Another mountain I bagged this year for the first time since I was in my teens. Starting in Coniston, you walk past several pubs, Church Beck (where you can go canyoning) then up and around Coniston Old Man, through some old quarry workings and finally endure a scramble to the top. Well worth it to bag a great mountain.

Simon at the top of Coniston Old Man in May 2016
At the summit of Coniston Old Man back in May

There you have it – my nine top Lake District walks for beginners! Are there any others you think I should add to the list? And if you’re using this list as a guide, let me know how you get on 🙂

Oooh, and if you’re not sure what to pack for your Lake District trip, check out my packing list!

21 replies
  1. Annika
    Annika says:

    These places has a nice ambiance. Good thing I came across your site. I find Castle Crag stunning. I'm gonna recommend this to my friends. Thanks for showing this wonderful glimpse.

  2. Annika
    Annika says:

    These places has a nice ambiance. Good thing I came across your site. I find Castle Crag stunning. I'm gonna recommend this to my friends. Thanks for showing this wonderful glimpse.

  3. Anthony Mckeown
    Anthony Mckeown says:

    Where would i find Information on the entire 124 km Peak to Pub Trail i read about this in Canada and am hoping to make the journey this June or July. Would this be a suitable time to do this trail? Is it the busiest time of the year?
    Any help would be appreciated, Is this a journey someone could toke on there own?

    • Simon Heyes
      Simon Heyes says:

      Hello! No, none of these peaks have sections that need to be scrambled up. They are all fairly easy, low level walks 🙂

  4. Joe
    Joe says:

    Simon – great site so thanks! Super helpful for novices. Do you have any details of the pubs on the routes? Looking to do Catbells and Castlerigg Fell this weekend and wondered where we should stop off for a good meal!


    • Simon Heyes
      Simon Heyes says:

      Hi Joe, thanks for commenting. There aren’t too many pubs on the Catbells side of Derwentwater, and to be honest some of the best meals you’ll get will be in Keswick. Try and get a table at The Dog and Gun, and try their homemade goulash – delicious! Alternatively, try the Coledale Inn, located in Braithwaite – excellent food and a lovely, quiet beer garden 🙂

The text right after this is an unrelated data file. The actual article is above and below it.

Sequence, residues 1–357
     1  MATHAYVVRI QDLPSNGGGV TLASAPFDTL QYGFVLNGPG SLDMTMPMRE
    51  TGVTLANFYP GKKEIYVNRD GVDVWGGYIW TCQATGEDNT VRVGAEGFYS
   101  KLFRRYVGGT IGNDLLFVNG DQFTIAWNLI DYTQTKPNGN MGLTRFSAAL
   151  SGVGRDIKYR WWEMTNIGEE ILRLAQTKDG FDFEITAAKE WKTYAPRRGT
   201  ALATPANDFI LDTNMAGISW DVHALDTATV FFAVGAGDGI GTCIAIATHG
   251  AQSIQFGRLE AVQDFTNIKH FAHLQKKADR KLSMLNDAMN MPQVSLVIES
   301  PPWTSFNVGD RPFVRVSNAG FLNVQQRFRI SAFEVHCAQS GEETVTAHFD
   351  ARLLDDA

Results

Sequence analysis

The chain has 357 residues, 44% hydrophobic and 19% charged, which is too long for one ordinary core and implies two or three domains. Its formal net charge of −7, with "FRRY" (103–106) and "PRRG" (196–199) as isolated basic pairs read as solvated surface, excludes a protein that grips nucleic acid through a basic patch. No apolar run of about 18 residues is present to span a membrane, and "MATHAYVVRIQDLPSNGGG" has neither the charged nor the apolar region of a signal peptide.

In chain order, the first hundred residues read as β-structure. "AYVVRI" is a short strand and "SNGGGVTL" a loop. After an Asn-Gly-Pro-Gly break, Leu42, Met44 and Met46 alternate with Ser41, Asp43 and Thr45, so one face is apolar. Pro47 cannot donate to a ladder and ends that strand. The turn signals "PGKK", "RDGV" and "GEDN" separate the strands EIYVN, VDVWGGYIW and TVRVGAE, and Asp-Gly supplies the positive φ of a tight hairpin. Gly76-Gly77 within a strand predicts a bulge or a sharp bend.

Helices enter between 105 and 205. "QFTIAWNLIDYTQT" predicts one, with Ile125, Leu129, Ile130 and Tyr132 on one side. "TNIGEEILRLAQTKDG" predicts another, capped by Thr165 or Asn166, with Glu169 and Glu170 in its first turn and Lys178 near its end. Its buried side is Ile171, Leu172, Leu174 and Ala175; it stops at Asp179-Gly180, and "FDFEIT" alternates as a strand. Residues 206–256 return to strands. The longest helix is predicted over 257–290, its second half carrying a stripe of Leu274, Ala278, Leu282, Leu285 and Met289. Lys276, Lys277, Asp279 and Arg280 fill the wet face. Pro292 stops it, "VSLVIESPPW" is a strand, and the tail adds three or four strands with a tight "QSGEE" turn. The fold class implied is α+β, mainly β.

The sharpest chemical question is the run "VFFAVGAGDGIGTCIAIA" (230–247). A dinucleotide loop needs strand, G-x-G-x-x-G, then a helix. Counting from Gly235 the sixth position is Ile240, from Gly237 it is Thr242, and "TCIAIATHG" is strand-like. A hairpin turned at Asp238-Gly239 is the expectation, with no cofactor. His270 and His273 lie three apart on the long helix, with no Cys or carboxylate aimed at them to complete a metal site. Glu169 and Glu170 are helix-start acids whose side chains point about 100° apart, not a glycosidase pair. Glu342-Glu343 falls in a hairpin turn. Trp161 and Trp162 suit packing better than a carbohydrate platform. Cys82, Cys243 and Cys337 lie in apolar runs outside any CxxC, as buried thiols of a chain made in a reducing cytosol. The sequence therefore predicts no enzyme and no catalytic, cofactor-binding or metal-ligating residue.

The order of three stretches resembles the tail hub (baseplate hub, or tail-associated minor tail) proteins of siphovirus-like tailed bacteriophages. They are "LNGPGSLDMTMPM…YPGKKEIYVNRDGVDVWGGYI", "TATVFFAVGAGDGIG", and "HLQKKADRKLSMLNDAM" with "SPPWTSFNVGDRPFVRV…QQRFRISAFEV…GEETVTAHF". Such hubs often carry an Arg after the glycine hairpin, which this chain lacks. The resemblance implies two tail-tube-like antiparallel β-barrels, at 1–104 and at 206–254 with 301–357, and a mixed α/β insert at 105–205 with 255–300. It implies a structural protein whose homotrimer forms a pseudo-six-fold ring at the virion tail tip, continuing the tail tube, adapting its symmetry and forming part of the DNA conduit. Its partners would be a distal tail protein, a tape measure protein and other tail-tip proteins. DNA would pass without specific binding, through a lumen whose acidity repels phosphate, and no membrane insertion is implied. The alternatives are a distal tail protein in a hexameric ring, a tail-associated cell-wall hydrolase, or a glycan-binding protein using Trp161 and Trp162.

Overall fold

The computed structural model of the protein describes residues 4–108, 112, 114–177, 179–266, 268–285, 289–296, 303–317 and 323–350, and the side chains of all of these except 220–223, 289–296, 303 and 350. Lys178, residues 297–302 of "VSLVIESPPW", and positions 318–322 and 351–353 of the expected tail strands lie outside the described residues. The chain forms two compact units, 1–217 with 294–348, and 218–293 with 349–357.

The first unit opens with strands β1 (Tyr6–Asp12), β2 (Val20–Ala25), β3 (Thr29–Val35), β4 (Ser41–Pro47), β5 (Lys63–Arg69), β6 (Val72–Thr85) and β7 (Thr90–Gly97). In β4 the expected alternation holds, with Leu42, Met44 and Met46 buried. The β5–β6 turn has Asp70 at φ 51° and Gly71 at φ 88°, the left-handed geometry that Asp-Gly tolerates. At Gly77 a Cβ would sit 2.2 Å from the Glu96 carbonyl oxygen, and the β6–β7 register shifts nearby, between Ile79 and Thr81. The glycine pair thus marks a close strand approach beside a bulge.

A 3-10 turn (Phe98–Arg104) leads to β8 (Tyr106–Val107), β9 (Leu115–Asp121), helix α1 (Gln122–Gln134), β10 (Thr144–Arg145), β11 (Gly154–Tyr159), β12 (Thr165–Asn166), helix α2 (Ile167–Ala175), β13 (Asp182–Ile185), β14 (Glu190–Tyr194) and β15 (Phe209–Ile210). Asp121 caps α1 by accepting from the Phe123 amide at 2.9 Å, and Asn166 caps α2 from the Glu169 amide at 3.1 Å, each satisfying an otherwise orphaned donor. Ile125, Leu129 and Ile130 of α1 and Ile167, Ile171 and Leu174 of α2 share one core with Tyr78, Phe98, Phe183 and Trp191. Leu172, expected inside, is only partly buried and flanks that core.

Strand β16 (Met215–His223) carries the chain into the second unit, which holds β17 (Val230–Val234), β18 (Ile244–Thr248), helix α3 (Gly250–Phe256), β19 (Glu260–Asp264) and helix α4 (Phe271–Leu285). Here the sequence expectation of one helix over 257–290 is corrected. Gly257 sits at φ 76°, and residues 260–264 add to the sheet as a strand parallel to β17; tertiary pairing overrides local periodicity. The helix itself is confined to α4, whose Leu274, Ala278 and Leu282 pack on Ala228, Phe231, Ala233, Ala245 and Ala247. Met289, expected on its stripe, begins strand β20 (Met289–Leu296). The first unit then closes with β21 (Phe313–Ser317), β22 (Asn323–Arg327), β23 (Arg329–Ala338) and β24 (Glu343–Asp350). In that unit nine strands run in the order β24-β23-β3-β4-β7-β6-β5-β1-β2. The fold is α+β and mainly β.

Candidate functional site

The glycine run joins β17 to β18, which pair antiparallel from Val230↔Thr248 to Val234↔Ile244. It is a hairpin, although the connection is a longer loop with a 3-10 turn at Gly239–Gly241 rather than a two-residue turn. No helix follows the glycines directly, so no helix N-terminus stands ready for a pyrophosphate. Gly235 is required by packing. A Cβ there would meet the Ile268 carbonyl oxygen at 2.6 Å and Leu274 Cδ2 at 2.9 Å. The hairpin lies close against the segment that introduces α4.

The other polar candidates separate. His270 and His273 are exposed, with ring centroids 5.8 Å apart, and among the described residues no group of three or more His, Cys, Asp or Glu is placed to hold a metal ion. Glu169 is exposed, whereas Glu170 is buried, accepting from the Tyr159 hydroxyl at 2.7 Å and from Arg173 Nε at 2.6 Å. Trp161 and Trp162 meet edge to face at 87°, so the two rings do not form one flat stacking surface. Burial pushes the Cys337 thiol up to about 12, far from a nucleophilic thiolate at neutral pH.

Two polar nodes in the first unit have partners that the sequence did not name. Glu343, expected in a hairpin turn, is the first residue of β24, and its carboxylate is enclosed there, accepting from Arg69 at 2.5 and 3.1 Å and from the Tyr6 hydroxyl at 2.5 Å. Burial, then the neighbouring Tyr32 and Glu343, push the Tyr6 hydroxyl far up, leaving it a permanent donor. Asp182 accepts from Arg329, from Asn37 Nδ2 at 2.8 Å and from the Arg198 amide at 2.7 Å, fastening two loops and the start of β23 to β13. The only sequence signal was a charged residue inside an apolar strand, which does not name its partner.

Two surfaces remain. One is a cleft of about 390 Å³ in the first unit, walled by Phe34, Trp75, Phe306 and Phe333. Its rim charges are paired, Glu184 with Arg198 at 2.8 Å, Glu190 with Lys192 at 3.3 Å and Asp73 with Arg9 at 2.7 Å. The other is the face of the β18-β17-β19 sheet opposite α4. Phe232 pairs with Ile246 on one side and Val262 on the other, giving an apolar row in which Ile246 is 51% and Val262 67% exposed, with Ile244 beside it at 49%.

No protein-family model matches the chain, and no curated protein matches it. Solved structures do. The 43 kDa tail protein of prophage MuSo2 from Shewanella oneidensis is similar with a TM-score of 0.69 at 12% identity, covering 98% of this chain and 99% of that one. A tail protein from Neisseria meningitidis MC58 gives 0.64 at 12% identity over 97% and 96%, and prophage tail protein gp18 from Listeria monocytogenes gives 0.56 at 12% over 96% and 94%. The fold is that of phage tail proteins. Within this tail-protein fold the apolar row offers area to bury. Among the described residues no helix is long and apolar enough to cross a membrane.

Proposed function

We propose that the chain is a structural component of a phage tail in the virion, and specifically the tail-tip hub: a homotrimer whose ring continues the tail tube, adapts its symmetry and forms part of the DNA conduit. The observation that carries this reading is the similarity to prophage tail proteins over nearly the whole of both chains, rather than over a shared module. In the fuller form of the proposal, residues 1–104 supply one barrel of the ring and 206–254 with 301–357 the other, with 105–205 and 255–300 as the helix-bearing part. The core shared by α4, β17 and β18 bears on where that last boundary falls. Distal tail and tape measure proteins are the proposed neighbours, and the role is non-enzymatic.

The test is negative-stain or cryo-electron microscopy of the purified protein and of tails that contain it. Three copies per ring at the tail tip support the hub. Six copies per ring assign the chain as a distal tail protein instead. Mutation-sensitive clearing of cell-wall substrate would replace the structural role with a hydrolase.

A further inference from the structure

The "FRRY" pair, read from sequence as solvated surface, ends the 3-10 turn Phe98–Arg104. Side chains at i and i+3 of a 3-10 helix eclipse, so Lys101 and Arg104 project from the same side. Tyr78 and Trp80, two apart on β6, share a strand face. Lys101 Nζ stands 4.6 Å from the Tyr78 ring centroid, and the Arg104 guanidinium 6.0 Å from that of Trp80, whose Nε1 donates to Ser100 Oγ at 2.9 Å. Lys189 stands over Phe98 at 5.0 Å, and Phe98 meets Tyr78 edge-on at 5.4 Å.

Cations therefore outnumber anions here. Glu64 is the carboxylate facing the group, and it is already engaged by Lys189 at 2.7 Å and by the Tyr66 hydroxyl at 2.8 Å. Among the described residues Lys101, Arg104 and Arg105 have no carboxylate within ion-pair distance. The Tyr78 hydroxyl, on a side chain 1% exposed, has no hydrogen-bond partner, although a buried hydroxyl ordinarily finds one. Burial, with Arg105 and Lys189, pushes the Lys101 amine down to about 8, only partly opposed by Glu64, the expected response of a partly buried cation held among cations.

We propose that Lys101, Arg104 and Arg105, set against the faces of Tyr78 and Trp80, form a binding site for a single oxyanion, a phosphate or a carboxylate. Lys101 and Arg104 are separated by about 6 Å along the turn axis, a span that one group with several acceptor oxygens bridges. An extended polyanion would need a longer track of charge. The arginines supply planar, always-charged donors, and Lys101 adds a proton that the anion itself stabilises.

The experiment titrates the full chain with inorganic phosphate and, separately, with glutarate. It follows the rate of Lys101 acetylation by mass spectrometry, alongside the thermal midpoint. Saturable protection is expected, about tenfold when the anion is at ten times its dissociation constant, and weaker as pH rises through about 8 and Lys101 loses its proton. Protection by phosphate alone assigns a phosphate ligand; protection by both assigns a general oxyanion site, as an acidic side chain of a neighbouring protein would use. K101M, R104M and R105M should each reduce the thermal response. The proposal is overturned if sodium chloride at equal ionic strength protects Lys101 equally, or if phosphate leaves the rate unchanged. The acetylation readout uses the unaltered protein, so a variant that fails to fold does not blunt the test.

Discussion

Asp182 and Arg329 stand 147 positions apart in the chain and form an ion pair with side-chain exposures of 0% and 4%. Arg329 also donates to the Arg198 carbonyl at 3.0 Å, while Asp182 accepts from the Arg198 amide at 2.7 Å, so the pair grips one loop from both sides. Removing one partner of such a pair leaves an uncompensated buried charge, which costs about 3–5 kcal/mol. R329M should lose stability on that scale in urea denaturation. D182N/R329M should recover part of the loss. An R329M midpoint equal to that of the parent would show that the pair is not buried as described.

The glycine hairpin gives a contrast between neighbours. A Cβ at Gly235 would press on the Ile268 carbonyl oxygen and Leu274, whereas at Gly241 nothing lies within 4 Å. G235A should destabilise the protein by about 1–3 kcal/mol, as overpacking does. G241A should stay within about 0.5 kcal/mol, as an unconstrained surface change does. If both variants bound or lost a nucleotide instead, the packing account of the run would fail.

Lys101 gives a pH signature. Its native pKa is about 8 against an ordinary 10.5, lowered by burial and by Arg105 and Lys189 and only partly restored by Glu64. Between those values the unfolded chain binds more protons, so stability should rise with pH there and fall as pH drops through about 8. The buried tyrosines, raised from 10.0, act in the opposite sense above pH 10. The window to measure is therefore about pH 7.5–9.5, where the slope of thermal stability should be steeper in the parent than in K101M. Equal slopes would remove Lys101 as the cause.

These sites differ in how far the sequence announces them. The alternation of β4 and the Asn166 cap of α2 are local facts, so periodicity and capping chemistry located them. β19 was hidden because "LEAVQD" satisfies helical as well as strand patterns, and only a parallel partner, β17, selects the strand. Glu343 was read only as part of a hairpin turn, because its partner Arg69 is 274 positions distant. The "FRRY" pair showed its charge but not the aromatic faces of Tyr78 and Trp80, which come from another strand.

• Joe
        Joe says:

        Thanks Simon, at the Dog and Gun now! Will try the Swinside Inn for Catbells and let you know how we get on. And you’d recommend coming back to Keswick for food after Castlerigg Fell?

  5. Maja P
    Maja P says:

    Great post! I’ve done quite a few of these already but came across it looking for shorter hikes – Wansfell Pike sounds great for my next trip to the Lakes! 🙂

    • Simon Heyes
      Simon Heyes says:

      Hi Maja, thanks for commenting! Yes, Wansfell Pike is a lovely little hike. Take the lower path that overlooks Windermere, then circle back a long the summit from Troutbeck 😉

  6. Louis
    Louis says:

    Hi Simon! I consider myself a very fit 65 year old man and I love hiking at least 5 times a week! I can climb no problem but I have a fear big time with big drops next to me when Iam climbing! I like to explore Lake District where I walked a couple of times, could you please recommend any walks that have wide paths going up with no drops next to you? Thank you in advance!

    • Simon Heyes
      Simon Heyes says:

      Hi Louis, well firstly congrats on being fit and able to hike 5 times a week! I’m very jealous! I think quite a few paths in the Lakes (higher up) will have one or two points where the path goes near the edge, BUT, from memory Catbells and Maiden Moor is a good walk with no significant drops, and the path is quite wide all the way along. Also Bowfell from the Langdales is a good walk up too. Hope you find ones that work for you! Simon.

    • Simon Heyes
      Simon Heyes says:

      Hi Sarah, yes of course! Most places in the Lake District are suitable for dogs :). Just keep an eye on any livestock, or signs, and keep dogs on leads if you’re not sure. Happy walking!

  7. Fabian
    Fabian says:

    Thanks for this article. I got married a year ago and my wife was from the Lake District, so I’m steadily getting to know my way around and experience some lakeland loveliness!